I'd definitely manually remove the partition. Then reboot and see if Windows likes the drive now. Re-partition the drive, on this system, then re-format it. Might solve all your issues.
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October 15, 2009 10:01:40 AM

Yes, three normal drives (no RAID). The system disk is unpartitioned and contains Windows XP and programs, a second disk has two partitions both containing data only, and a third has two partitions, one containing data and one containing a clone of the system disk made with Casper 5.0. The motherboard is ASUS A8N-E Rev.2.00, the chipset is NVidia NForce 4 Ultra NF-CK804, and the BIOS is ASUS A8N-E ACPI BIOS Rev. 10.13.

After plugging the system drive alone and in combination with one or both data drives into various combinations of the four SATA channels, I have found a setup that seems to work with all three drives now.

The only problem is (at least the last couple of times I tried it) that when I go to the SETUP screen by pressing DEL during bootup, the screen is frozen (although the clock is still running). This doesn't matter at the moment, but it might if I need to change something in the future.

I can't remember whether the non-system drives were formatted after the system drive was set up or not, but I take Mongox's point that it would be better to do it in that order. I will try reformatting them if the problem recurs.

At least I have a nice quiet chipset fan running now, even though it wasn't the cause of the problem!

Thanks for your help.
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a b V Motherboard
October 15, 2009 10:50:35 AM

Quick question, you mention two different motherboards in this thread - the Asus A8N-SLI Deluxe and then the A8N-E ... have you switched?

You mention BIOS 10.13 - did you do this as warned on the site?
Please do read the description before updating BIOS
To avoid crashing file system, please do update the chipset driver to below version prior to this Bios.
For WinXP 32bit system, please download and update chipset drivers V6.65 or later


Looking over the latter's manual, I don't think you have the AHCI option for hard drives. This is usually seen as a BIOS choice or boot option referring to using your SATA drives in IDE mode or not. Non-IDE mode is either AHCI or RAID. Appears you only have RAID. You might chk all the drive options starting on page 2-24 of the manual however. Among the features of a AHCI SATA drive are "hot" attachment of drives. However, turning on this feature in BIOS, if an option, will lead to problems booting and addressing drives. Solution is to re-install Windows, loading the AHCI drivers just like RAID controller drivers, before coming to the first Win install screen. This may not be a problem for you.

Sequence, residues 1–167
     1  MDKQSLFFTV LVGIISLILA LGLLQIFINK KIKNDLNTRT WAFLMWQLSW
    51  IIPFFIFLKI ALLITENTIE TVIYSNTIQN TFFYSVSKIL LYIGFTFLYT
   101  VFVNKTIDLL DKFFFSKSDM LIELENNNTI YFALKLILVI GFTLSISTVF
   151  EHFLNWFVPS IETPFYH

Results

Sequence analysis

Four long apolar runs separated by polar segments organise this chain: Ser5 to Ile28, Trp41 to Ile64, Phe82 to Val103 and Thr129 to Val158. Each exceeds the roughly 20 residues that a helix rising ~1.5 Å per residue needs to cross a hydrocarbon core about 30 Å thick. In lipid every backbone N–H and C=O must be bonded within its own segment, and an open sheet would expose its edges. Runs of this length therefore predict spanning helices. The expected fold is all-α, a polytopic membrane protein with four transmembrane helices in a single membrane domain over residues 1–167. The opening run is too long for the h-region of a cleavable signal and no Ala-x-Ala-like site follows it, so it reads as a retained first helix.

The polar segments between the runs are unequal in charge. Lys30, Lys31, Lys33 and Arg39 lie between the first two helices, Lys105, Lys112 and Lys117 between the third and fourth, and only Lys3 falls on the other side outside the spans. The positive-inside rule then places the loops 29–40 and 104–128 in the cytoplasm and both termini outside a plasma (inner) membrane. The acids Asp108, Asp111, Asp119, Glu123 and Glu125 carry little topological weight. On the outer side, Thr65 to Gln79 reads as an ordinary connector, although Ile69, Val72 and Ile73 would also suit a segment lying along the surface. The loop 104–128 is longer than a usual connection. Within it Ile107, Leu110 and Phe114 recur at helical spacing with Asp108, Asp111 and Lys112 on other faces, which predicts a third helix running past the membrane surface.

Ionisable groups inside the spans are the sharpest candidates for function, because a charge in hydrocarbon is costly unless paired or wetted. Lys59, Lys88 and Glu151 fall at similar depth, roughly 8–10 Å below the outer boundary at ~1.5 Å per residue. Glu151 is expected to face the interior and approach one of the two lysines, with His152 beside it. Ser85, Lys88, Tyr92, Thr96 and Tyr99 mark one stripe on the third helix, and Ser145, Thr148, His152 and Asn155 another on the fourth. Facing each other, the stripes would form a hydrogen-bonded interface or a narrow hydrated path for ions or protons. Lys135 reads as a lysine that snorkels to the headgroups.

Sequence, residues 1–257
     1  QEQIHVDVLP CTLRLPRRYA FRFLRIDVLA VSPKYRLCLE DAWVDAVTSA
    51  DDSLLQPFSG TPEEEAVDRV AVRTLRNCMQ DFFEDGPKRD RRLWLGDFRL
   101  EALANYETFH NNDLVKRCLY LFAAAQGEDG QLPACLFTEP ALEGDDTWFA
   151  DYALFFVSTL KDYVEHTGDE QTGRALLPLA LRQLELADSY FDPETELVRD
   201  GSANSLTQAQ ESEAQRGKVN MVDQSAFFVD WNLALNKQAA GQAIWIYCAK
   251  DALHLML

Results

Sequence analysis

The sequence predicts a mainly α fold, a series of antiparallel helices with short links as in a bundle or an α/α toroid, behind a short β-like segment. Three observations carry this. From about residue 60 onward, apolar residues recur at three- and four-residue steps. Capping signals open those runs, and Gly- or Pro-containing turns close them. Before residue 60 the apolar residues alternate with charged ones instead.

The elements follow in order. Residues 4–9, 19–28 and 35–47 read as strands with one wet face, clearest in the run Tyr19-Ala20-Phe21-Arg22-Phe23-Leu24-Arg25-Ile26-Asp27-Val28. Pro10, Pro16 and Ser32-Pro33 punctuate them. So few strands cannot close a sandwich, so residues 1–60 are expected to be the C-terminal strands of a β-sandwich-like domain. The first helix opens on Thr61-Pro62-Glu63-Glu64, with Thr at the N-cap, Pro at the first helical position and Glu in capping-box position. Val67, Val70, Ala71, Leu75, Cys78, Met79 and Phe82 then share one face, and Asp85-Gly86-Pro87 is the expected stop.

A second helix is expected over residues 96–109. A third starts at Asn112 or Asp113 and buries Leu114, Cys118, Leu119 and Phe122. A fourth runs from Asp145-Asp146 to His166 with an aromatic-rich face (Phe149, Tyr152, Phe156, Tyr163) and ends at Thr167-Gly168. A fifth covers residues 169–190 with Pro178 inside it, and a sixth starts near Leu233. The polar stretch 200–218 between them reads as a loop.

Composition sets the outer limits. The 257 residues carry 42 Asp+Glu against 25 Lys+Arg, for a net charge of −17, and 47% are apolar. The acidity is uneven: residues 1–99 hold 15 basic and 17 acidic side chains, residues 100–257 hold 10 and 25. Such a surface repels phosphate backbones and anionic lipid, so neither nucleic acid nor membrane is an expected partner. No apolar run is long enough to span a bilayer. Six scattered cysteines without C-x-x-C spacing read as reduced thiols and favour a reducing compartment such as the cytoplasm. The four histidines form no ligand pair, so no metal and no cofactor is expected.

Tech note: You do have a partition on your system drive - a single one. Unpartitioned drives have no space allocated and are un-formatted. Use Win's Computer Mgt Console to look at the physical allocation of your drives. Might be one with un-allocated space or an old non-Win partition that could foul things up. Remember if you change partitions, you erase all data.
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a b V Motherboard
October 15, 2009 11:09:39 AM

And on a side note, those nForce 4 chips do some weird things sometimes. I think they are prone to corrupting drives (could that have been what happened? I don't know, probably not) which happened to me once on my nForce 4 SLI, which also decided to stop seeing my second card in SLI (though Asus fixed that). After all that though, it is still going five years later as a secondary gaming comp, so I can't complain.

Also, I think the OP mentioned the Deluxe (not Iamnotacomputerexpert), though that is the board I have as well.
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October 15, 2009 12:31:54 PM

Yes, the original question (about the fan) concerned the Asus A8N-SLI Deluxe. I posted about solving my fan problem with the A8N-E because the arrangement sounded similar and I thought it might be helpful for people to know that you don't have to remove the motherboard to replace the fan.

I did update the chipset drivers before updating the BIOS (I did this a couple of years ago, and everything had been fine until the other day).

Following Mongox's suggestion, I checked the drive partitions, and they look OK; a single partition on the system drive and two on each of the two data drives, with no unallocated space.

I don't remember being given an option to install AHCI drivers when I reinstalled Windows XP a couple of years ago; I think it was just RAID or SCSI and I chose RAID.

The SETUP screen freezing was a bit worrying, but last time I booted up it was working OK, so I hope things have settled down now.

Although computers are very scientific, they also seem to be quite whimsical and often have a mind of their own, don't they? I suppose it is the interactions between so many complex systems that are difficult to predict. I still don't know what caused mine to suddenly start shutting down after working OK for a couple of years; I hadn't even opened the case, installed any new software or done anything different from usual, and I'm pretty sure the chipset fan had seized up some time before.
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a b V Motherboard